Tag Archives: hhtv news


So why should you vote for me, ‘Mad Jack’ Mytton? ‘Cos I’m an ordinary guy, just like you!
…I mean, yes, I set myself on fire when I’ve got the hiccups. Who doesn’t? And like you, I also enjoy riding bears!

A couple further flashes of newly quirky brilliance can’t hide the fact that the steam is running out awfully fast, now… by which I mean, the sketches are starting to involve actual steam. With diagrams. And the ABBA references may-or-may-not be helping…

In this episode:

Song: Matilda(s) and Stephen… and Henry — Alice, Martha, Larry and Jim battle it out for the English throne in the medieval power struggle known as the Anarchy… as retold via, yep, ABBA references. Because that literally makes as much sense as any other attempt to explain it.

Recurring sketches:

Shouty Man — New! Roman Baths (“After a hard day of watching your slaves do all the work, why not de-stress in a range of temperature-controlled baths?!” “Oi, you’re starting to get annoying now, mate…” “Yes, I get that a lot!”)

Stupid Deaths — Emperor Domitian (Killed by an assassin exactly at the time predicted, after his attendants lied about the hour to protect his paranoia… “Come on out, mate, we haven’t got forever!… well, actually we have, but that’s not the point.”)

Historical Apprentice — Team James Watt and Team (Spinning) Jenny vie to see who can maximise textile production. No, nobody’s taken a vow of silence this time …because there’s “what/Watt’ jokes instead. (“With the help of the Watt steam engine, the factory business has produced three hundred kilos of textiles…” “So what’ve you got to say about that then, Team Mary?” “Jenny, Lord Sugar.” “What?” “Aye?”)

HHTV News — Live from a schoolboy strike in Llanelli, Wales, 1911 (“And what exactly are your demands?” “Two-four-eight-six! We want more math-e-mat-ics!” “Shush!” “…sorry.”)

Real Tudor Hustle — Demonstrating how market day scams exploited the greedy and gullible… ie, pretty much Times Square on any given Tuesday, but with way more sweet velvet caps.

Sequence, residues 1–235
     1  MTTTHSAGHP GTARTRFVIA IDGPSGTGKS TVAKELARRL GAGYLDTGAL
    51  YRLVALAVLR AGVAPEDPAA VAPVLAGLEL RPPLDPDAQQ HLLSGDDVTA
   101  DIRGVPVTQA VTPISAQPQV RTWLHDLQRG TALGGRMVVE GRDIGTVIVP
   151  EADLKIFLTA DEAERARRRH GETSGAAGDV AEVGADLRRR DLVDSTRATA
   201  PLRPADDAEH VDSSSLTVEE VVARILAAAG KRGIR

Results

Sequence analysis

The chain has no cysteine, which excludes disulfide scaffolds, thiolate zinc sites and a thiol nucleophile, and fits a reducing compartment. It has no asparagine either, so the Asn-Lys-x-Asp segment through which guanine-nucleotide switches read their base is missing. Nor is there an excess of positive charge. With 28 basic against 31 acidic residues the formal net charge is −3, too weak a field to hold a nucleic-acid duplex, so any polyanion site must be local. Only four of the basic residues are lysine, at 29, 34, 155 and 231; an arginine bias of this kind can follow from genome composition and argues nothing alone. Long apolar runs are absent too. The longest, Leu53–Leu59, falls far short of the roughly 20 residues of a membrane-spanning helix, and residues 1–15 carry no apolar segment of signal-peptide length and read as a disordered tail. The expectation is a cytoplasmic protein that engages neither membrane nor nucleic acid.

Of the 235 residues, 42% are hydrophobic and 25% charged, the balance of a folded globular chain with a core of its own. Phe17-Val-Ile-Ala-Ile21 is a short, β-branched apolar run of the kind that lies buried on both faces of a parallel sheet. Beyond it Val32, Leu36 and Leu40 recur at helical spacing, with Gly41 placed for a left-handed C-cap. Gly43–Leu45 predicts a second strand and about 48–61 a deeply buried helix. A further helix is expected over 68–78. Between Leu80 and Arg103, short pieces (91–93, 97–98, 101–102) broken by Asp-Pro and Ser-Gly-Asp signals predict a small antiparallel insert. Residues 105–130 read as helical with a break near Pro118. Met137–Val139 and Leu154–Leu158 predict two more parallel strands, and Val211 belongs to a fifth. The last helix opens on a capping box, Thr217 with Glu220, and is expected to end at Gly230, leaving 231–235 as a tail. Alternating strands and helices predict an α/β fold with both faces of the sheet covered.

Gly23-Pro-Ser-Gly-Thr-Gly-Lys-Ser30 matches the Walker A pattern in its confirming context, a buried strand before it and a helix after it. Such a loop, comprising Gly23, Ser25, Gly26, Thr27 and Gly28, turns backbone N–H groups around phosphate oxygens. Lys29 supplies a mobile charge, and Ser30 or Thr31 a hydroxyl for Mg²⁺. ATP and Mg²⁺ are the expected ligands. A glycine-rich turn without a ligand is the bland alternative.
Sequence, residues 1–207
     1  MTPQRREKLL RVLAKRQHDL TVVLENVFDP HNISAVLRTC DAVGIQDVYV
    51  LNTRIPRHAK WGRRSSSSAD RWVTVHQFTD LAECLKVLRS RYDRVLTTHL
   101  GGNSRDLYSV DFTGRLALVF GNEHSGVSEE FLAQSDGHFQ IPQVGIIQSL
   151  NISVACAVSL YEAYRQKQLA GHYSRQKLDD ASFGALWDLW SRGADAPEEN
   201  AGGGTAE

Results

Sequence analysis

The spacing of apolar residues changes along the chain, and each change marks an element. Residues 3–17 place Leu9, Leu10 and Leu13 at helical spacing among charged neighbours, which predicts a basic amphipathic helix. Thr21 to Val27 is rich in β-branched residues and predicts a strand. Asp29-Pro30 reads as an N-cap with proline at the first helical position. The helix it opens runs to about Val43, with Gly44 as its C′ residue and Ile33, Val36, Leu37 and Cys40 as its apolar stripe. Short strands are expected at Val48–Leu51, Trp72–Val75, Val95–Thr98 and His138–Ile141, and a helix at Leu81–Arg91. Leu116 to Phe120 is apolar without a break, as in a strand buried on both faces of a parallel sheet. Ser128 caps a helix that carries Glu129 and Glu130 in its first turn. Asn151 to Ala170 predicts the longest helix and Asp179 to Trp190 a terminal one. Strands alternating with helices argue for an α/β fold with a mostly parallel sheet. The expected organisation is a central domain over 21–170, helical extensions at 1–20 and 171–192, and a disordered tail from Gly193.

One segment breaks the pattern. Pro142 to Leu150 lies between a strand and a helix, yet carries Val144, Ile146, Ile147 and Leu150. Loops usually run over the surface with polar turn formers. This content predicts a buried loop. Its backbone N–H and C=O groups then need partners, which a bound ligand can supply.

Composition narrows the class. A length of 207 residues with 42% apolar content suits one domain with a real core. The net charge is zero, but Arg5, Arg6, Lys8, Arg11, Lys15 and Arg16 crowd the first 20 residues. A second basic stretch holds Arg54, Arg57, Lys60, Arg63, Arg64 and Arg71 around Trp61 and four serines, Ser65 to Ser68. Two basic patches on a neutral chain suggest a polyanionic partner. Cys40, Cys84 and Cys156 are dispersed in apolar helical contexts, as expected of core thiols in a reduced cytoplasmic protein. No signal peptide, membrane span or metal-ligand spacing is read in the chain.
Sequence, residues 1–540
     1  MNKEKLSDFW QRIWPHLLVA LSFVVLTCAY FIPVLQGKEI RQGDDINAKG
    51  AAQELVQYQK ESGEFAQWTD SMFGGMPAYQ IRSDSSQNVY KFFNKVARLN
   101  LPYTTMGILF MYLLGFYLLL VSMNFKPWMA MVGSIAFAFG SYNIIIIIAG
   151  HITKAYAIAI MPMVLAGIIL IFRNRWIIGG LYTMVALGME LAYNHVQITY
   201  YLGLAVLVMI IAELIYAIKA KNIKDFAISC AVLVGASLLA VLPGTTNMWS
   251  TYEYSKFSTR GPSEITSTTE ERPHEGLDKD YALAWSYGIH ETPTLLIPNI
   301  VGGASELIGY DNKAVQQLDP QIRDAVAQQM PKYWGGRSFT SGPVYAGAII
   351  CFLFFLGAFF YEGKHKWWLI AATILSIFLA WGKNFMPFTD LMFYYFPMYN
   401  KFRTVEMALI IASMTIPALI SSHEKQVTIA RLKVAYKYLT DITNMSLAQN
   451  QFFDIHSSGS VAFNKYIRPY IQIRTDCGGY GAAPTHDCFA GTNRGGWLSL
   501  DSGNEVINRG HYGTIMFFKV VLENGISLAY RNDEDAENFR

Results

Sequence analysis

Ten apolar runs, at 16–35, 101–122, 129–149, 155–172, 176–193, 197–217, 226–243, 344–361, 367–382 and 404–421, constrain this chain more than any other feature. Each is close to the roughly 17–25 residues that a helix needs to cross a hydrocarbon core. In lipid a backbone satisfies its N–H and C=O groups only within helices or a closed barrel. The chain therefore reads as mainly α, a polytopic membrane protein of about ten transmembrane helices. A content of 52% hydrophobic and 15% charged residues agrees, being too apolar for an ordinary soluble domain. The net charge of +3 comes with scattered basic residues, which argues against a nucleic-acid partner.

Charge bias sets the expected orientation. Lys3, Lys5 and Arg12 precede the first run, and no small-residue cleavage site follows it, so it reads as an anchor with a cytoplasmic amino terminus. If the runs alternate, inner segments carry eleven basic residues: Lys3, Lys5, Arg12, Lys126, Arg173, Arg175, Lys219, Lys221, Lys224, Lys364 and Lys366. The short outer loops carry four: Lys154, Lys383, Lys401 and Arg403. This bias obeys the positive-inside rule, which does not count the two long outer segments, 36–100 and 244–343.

Vile Victorians

Victorian Undercover Proprietor — A mill owner investigates the squalid conditions his workers toil and live under and–surprise!–does not decide to have them flogged for insolence into the bargain. (“I knew it! I knew that were a disguise, as soon as I saw that daft fake beard–” “OW!” “…so sorry.” “…s’alright.”)

Measly Middle Ages

The War of the Bucket — Which the participants therein are understandably less than impressed to discover is an actual thing. (“Well, a couple of guys from Modena stole our town’s bucket… so in order to get it back, the Pope has insisted we launch a full-scale war.”)

Gorgeous Georgians

Political Party — Move over, Monster Raving Loonies, “Mad Jack” Mytton is in the house. And if you and/or his constituents are lucky, he won’t actually ride off with it. (“But that’s not all! If you vote for me, I guarantee I will go naked duck hunting–at night!”)

Troublesome Twentieth Century

Suffragette Express — When you absolutely, positively need to annoy the socks off the powerful in three-four days or so.

Terrible Tudors

“P” For… — Why a forehead brand has never been recommended as an icebreaker at a job interview… yes, it’s almost over. (“The ‘P’ doesn’t stand for ‘perjurer’, it stands for… erm… ‘Perfect Employee’!”)

Field Notes:

  • Wow. I urgently need to apologise to S03E10, which up to now is what I confidently thought was the least impressive HH episode I had ever or would ever see. Unfortunately, as has been proven repeatedly throughout this review project, I suck at predicting things, and the existence of our current subject episode is no exception.
  • Yes, sure, it has a great, fully classic Stupid Death, and an equally lovely unexpected roundoff to the Victorian labour thread, and a party-animal politician… oh, and can’t forget the bit with people being incredulous that they’re fighting a holy war over a ceremonial bucket. It’s just that the rest of it is so… so…
  • OK, story time: During this series’ filming, some of the most intriguing spoilery leaks concerned a space-race-themed sketch in which Ben would play legendary Soviet Premier Nikita “Don’t Tell ME I’m Not Going to Disney World!” Khruschev. Later, one of the cosmonaut extras (they apparently imported authentic Russian actor/models, which unusually lavish expense suggests this was planned as one of the hilights of the series at the time) tweeted a shot of the finished sketch that also showed Mat in a supporting role as a dorky young apparatchik.
  • Well. Words cannot express how much I was looking forward to all this. I was almost as excited about Nikita Willbond & His Great Space Adventures as I was about my sparklier version of the Twilight/Byron takeoff. Then came the finished series and both just sort of… never happened. The Russian sketch in particular had evidently been wholly scrapped, without trouble or trace (and also evidently without reference to the poor tweeting extra).